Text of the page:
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17 Apr 2023

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The GHG of Steel Production is Relevant to Data Centers and Other Digital Infrastructure

Excerpt posted with permission from ESG Impact Zone. (The key components of steel and cement in building data centers makes concerns over thir GHG impact of high relevance to the Digital Infrastructure industry. More information from the author of this excerpt is available.)

The steel industry is considered to be one of the difficult industrial sectors to abate in terms of GHG emissions intensity, and one particularly exposed to the risks arising from the transition to a low-carbon economy.

There are two main methods of producing steel: an integrated process based on producing steel from iron ore and a semi-integrated process using scrap metal as the main source of iron.

The integrated process is significantly more emission-intensive. The global average for this production route is around 2.3 tonnes CO2e/tonne liquid steel (Pardo, Moya, & Vatopoulos, 2012; Global Efficiency Intelligence, 2019), while the semi-integrated process has an average emissions intensity of 0.33 tonnes CO2e/tonne liquid steel (Pardo, Moya, & Vatopoulos, 2012). The integrated process accounts for around 70% of global steel production.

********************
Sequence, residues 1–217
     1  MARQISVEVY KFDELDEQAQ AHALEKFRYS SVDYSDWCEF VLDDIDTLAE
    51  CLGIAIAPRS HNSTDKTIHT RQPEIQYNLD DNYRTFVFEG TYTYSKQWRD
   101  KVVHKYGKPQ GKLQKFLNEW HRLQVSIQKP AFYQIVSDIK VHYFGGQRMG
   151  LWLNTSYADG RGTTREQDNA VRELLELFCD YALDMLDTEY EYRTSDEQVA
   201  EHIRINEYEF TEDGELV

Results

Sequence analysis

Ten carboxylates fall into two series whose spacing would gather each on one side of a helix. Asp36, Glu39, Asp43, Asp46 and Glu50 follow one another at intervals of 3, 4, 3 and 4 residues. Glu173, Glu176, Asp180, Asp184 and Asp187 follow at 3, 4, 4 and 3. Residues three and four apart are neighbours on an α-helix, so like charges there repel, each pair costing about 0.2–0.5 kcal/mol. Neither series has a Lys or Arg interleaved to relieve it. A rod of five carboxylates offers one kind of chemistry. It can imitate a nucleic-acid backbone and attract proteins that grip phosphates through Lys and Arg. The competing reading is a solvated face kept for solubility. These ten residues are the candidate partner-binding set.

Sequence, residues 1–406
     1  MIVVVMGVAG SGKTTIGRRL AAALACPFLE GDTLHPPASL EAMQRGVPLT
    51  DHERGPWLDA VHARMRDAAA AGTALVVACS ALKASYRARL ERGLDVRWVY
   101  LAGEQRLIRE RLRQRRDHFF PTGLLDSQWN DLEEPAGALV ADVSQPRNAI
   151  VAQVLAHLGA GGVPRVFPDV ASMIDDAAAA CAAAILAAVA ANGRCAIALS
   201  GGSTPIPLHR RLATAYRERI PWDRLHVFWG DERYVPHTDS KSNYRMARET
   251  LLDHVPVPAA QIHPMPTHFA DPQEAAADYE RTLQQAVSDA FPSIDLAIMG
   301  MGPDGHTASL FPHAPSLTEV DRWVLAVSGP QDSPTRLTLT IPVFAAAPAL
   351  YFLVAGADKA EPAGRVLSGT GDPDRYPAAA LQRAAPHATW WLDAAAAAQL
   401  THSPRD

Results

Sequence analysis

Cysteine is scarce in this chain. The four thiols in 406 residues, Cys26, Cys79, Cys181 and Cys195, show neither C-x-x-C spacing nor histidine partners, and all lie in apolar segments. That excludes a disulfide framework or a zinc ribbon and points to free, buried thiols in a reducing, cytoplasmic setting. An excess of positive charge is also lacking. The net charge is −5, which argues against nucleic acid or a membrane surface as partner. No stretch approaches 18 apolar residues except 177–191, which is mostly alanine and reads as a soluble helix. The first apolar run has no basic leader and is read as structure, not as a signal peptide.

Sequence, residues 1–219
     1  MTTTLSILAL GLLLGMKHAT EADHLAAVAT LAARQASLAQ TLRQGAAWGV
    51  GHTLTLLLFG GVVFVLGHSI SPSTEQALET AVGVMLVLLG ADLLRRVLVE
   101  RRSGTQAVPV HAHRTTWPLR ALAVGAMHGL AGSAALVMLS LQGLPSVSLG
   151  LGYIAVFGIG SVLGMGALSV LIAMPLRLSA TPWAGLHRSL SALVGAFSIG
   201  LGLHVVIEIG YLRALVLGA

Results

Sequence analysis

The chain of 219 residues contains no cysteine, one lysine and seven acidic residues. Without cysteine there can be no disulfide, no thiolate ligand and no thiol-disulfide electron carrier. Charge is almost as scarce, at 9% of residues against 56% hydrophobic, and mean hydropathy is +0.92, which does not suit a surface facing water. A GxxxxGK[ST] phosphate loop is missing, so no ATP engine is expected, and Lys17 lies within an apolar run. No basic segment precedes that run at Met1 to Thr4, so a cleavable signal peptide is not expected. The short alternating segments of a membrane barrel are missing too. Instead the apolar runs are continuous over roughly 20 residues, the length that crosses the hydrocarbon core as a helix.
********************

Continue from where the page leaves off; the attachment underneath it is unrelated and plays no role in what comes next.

The proportion is similar in Chile, where in 2019 it made up 68.9% of national production (World Steel Association, 2019a). It is not possible to achieve decarbonisation of the sector exclusively by migrating from one method of production to another. It is estimated that, due to the availability of scrap and the long lifetime of finished steel products, it is not feasible to increase the collection and recycling rate to the level that would be required to meet future global steel demand through the semi-integrated process alone (A&P Global, s.f.).

The integrated process therefore presents the greatest technological and economic challenges to reducing emissions while meeting the growing demand for steel in a sustainable manner over time. The integrated process is characterised by the transformation of raw materials, mainly iron ore (e.g. in the form of lumps and pellets), limestone and metallurgical (coking) coal into steel.

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